By Charles Sercombe
What was the biggest news story of last year?
There were so many issues that popped up it’s a coin toss to say one is more important than another.
And of course there was good news and bad news throughout the year.
At the beginning of the year, the city was chilled by the kidnapping and eventual murder of two women, and then a month later the carjacking and sexual assault of three women.
Hamtramck’s financial woes seemed to hog the headlines.
But there were encouraging development news, including an ongoing housing construction boon and the introduction of an innovative new way to recycle old housing, called deconstruction.
But perhaps the most astonishing issue was that of the revolving door leading to the city manager’s office.
And so, we pick Hamtramck’s game of musical chairs for the position of city manager as the “Newsmaker” of 2012.
It all started back in March with the firing of City Manager Bill Cooper, who had been with the city for a few years before cracks started to develop with his relationship with certain city councilmembers – most notably Tom Jankowski, who relentlessly peppered Cooper with increasing demands for documentation, reports and criticism for failures to live up to those demands.
It didn’t help that at the same time the city’s finances started to crumble. With the election of Gov. Rick Snyder, all communities took a financial hit in how much state revenue would be flowing.
Hamtramck also lost tax money when American Axle closed down and took another loss in a dispute with General Motors over how much the company owes to operate the Poletown plant.
Another significant loss in revenue came from the housing meltdown, which resulted in the loss of hundreds of thousands of dollars in property taxes.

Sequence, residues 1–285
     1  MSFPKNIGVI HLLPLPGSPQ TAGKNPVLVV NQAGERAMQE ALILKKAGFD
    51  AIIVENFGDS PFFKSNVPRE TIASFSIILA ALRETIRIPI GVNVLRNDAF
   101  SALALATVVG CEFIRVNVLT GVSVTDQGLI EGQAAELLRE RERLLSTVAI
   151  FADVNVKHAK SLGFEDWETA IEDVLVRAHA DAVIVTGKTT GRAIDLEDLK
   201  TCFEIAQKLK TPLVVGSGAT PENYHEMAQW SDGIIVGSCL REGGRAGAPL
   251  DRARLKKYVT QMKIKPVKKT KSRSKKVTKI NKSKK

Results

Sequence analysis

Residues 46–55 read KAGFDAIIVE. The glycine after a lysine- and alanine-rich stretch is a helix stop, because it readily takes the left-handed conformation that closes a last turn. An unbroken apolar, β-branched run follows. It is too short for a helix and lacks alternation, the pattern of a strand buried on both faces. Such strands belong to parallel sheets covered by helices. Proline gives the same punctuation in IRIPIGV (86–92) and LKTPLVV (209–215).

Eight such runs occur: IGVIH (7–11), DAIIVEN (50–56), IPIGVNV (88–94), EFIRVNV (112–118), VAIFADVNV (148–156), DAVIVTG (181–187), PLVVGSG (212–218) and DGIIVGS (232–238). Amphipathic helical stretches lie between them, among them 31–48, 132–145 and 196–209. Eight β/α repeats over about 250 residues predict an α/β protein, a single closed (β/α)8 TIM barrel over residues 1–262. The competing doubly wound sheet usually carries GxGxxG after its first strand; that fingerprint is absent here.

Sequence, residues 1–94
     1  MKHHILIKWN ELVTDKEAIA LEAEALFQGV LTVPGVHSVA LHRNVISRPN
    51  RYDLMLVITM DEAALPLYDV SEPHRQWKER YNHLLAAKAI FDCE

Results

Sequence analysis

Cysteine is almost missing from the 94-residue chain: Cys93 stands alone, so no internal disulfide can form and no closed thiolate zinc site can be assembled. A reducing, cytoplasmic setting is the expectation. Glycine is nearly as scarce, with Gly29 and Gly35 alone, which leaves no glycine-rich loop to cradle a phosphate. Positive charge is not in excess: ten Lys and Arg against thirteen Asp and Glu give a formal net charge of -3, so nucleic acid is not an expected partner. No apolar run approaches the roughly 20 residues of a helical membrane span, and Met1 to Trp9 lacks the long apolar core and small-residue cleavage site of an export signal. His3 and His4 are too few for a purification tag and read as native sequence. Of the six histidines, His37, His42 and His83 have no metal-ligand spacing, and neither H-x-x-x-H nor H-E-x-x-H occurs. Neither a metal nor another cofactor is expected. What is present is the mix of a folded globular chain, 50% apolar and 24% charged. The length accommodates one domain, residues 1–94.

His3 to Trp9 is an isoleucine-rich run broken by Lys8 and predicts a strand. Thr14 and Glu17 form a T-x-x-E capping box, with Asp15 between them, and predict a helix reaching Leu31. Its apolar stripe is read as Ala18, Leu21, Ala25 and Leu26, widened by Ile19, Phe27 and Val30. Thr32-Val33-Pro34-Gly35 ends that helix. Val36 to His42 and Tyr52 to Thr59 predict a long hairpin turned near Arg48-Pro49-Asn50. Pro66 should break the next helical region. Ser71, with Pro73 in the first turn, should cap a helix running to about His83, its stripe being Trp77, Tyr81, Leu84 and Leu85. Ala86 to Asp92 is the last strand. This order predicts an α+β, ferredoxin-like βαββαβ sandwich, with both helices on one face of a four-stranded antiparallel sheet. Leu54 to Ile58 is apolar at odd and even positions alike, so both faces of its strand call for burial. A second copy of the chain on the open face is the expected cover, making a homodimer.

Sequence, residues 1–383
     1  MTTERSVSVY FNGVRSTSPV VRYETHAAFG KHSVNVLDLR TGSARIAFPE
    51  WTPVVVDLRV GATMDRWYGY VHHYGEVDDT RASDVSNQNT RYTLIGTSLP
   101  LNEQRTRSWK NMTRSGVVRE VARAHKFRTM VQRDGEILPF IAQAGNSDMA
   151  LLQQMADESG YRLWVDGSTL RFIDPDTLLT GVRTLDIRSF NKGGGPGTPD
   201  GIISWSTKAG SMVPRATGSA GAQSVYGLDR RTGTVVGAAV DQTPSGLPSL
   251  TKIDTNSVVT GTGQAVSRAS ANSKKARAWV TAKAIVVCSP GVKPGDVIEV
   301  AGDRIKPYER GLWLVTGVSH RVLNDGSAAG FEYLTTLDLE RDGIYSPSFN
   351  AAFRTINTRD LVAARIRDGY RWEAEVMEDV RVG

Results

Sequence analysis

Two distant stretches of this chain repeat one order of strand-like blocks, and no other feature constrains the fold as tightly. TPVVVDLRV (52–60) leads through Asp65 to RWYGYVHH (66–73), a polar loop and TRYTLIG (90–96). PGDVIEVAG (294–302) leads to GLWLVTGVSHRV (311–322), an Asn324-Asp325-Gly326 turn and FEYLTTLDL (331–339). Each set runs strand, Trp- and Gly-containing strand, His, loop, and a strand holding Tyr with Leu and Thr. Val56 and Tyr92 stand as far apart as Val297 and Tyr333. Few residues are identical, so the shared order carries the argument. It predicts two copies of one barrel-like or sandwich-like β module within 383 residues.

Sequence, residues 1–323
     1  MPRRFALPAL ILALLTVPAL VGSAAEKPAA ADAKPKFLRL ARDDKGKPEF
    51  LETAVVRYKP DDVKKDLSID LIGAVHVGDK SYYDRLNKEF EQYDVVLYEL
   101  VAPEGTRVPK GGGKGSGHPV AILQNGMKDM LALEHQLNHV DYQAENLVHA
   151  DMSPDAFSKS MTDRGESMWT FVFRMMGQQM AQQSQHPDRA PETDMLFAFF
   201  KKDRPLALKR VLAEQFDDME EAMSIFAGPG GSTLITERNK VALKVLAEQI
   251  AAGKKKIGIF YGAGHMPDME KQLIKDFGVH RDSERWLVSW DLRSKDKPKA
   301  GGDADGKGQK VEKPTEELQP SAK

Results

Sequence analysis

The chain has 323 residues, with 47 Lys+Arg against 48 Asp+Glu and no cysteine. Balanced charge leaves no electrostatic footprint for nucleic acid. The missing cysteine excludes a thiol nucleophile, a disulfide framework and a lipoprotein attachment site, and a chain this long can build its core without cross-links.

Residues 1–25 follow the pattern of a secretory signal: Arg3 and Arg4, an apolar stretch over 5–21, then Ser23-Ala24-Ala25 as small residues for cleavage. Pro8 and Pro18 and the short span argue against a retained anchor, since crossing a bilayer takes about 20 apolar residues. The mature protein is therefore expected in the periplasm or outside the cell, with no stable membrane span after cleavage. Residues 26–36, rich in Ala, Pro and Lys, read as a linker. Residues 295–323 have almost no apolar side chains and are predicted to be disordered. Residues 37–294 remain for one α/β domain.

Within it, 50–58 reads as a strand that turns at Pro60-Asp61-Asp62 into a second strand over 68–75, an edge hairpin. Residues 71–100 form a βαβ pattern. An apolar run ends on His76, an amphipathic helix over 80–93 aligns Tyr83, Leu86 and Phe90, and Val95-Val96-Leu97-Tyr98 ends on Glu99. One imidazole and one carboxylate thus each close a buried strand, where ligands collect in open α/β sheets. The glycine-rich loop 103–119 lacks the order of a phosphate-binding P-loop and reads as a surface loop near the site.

As the financial bad news continued to ramp up, it became clear that Cooper was grasping at ways to balance the city’s budget.
Perhaps the tipping point came when Mayor Karen Majewski, who had been a supporter of Cooper, agreed it was time for Cooper to leave.
Who followed Cooper came as a surprise to many. Former Economic Development Director Erik Tungate was ushered in, but had to face criticism from some — notably Councilmember Cathie Gordon — over his qualifications.
When Tungate took on the title of acting city manager, a case was made by his supporters that he didn’t have to have the traditional requirements for the job.
Tungate seemed to make initial progress and even came up with budget deficit elimination plan, which no one liked.
As the weeks ticked by, Tungate faced growing opposition and even outright hostility. He abruptly resigned just days before he was going to be fired anyway. Curiously, Tungate landed on his feet over in Oak Park where he was hired as that city’s city manager.
Take that Hamtramck.
Next up was former Finance Director Nevrus Nazarko. Realizing they had been rough on city managers, councilmembers promised to play nice, but it took only a few weeks before Nazarko also faced hostile remarks.
Nazarko was no glutton for punishment and abruptly (there’s that word again) said he was stepping down. His official line was that he could no longer do the two jobs of finance director and city manager.
In his wake, the council agreed to hire Nazarko’s newly-hired assistant in the city manager’s office, Kyle Tertzag.
Tertzag was the former city manager of the downriver community of Woodhaven.
He was seen as a temporary city manager while the council advertised for a permanent manager. Well, guess what? As it turned out, the council didn’t think any of the candidates for the job would be a good fit and decided to extend Tertzag’s contract until next July.
The thinking is that the city needs to right its finances before seeking a permanent city manager.
Who knows? Maybe by that time Tertzag will look like the obvious choice.
But watch out for what you wish for, Kyle. You just might get the job.